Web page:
Contemporary descriptions of the fabled Barbary Lion tend to emphasise the size, hairiness and ferocity of the sub-species. It would seem that these views are a mix of ancient historical accounts (for example use of the lions in the Roman Coliseum Games), descriptions of the animals as ‘large maned’ and perhaps some exaggerated hunting records.
Scientific accounts give a more sober view. Both Guggisberg (1963) and Hemmer (1978) describe the animal as a medium sized lion. However it did perhaps have a thickset build, emphasised by a relatively short leg length and deep body when compared with lions on the African savannah. These features may have been an adaptation to a mountainous habitat, with a different mix of prey species and are reflected in some of the artistic images of the animal.
One of the most striking depictions is the Arab Courier taxidermy by Jules Verreaux, arguably the most spectacular (and at one time controversial) taxidermy ever created and which is now housed in the Carnegie Museum in Pittsburg. This diorama includes two mounted lions thought to be of North African origin (but not yet genetically tested), collected as wild shot individuals in the mid 1800s, certainly no later than its creation in 1867 for the Paris Exposition. Interestingly the attack on the camel is by a pair – male and female, suggesting, if collected together, they were both sexually mature adults (however dozens of barbary lions were shot by French colonial hunters in Algeria around this period, so we cannot be sure that they are a true pair).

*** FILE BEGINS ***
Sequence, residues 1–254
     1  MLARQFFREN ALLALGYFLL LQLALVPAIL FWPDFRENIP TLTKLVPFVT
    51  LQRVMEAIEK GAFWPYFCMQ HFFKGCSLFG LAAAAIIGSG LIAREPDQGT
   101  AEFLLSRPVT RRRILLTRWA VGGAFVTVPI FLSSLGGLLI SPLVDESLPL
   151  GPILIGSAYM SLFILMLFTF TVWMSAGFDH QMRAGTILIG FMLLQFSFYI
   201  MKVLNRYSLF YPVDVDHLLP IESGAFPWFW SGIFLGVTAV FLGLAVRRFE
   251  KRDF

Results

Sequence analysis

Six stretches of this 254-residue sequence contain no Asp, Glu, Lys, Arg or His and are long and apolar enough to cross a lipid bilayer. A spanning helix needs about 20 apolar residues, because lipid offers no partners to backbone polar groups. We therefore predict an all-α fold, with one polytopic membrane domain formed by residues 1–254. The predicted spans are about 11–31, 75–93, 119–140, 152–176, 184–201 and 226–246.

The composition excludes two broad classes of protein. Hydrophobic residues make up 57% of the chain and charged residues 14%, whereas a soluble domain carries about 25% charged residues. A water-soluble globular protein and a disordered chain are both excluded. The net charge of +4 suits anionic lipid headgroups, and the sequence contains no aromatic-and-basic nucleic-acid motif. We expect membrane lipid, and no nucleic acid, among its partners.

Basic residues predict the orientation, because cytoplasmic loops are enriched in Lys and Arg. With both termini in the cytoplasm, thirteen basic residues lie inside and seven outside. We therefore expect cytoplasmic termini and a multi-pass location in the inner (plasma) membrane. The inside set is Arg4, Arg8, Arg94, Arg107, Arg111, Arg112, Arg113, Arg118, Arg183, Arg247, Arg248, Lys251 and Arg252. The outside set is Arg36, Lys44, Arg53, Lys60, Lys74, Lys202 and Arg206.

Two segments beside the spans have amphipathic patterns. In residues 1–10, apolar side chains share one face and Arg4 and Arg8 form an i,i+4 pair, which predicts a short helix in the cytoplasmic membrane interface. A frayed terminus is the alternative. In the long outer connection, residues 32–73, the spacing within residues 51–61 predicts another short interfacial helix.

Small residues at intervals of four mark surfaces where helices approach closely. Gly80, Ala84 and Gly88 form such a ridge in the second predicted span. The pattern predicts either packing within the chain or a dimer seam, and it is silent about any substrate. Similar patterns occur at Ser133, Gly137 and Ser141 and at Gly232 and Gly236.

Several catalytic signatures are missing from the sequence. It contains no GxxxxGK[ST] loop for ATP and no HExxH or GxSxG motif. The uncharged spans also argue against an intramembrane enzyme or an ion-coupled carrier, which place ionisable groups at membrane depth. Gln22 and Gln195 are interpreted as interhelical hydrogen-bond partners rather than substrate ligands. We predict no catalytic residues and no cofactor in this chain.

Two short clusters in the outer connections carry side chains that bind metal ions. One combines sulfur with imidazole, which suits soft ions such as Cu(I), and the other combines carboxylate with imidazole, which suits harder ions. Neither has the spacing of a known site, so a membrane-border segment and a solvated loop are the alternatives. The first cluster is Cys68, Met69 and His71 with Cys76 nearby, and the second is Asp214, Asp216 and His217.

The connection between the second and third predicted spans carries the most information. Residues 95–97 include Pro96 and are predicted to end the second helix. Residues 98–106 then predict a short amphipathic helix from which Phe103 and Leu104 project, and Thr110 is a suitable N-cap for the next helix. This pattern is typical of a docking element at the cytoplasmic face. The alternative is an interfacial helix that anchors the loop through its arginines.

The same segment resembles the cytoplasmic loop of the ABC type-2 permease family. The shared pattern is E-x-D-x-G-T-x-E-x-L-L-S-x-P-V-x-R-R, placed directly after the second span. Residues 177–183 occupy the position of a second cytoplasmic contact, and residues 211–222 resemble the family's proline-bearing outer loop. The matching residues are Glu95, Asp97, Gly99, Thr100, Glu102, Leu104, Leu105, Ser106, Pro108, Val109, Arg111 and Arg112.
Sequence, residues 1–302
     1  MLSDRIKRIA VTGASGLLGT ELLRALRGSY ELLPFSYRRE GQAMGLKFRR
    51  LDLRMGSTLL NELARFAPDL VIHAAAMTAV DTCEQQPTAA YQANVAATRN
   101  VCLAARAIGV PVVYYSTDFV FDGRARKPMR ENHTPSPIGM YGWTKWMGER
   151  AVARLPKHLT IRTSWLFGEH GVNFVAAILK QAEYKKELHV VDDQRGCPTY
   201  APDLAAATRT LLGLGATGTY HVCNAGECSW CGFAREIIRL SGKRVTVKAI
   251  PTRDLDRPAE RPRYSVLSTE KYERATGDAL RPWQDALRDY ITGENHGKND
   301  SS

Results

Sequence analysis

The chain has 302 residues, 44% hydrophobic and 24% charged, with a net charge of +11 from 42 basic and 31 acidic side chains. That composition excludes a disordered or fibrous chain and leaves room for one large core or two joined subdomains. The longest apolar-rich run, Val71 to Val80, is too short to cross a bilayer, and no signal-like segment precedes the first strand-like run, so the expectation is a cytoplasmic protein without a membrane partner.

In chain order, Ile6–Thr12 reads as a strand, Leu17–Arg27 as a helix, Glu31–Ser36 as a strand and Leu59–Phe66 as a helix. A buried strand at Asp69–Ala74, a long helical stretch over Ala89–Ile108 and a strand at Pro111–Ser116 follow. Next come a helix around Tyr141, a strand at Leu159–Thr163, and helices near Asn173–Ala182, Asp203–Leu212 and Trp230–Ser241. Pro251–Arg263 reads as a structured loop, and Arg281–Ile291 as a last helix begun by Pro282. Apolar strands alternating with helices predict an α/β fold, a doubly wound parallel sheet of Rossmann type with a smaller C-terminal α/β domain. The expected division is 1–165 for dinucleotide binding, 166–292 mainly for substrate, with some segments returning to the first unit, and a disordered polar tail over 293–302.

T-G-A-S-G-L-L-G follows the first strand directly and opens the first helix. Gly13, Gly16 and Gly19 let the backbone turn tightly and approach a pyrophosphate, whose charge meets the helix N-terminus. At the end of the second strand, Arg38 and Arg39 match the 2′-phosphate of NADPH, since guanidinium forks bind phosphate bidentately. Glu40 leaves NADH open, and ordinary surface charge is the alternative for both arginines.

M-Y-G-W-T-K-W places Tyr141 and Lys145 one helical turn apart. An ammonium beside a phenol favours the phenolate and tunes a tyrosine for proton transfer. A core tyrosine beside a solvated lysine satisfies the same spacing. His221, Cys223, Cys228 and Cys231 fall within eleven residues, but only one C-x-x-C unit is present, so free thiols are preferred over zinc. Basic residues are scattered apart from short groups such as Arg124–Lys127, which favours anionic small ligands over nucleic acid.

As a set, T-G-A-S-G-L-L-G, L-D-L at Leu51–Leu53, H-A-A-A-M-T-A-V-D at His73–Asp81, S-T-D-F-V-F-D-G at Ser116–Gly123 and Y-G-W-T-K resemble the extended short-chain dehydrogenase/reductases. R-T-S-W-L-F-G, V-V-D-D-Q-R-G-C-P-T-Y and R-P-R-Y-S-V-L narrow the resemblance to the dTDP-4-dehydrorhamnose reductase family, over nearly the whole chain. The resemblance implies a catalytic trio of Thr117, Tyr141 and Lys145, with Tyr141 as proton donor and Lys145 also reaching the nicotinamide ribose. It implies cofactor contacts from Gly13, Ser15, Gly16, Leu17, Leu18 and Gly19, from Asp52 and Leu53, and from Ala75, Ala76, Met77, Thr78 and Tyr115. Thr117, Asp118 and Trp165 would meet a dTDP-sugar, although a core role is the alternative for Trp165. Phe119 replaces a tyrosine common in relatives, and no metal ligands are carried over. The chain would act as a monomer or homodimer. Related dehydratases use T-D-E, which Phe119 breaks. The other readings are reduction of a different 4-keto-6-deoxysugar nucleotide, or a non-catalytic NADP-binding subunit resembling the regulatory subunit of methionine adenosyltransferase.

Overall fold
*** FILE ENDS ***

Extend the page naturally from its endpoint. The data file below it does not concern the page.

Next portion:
The ferocity of the attack is evident in the diorama, but interestingly, both animals are of relatively modest size. The medium sized animals described by science, perhaps?
Guggisberg C.A.W. (1963) Simba: the life of the lion. London: Bailey Bros. and Swinfen
Hemmer H. (1978) Grundlagen und derzeitiger Stand des Zuchtprogrammes zur Rückerhaltung des Berberlöwen (Panthera leo leo). In: Seifurt S, Müller P, editors. Congress Report, 1st International Symposium on the Management and Breeding of the Tiger, 11th and 12th October 1978 in Leipzig, Abb. 1. Zoological Garden. Leipzig: International Tiger Studbook. 65–72.
Yamaguchi N, Haddane B. (2002) The North African Barbary lion and the Atlas Lion Project. International Zoo News 49 (321): 465-481.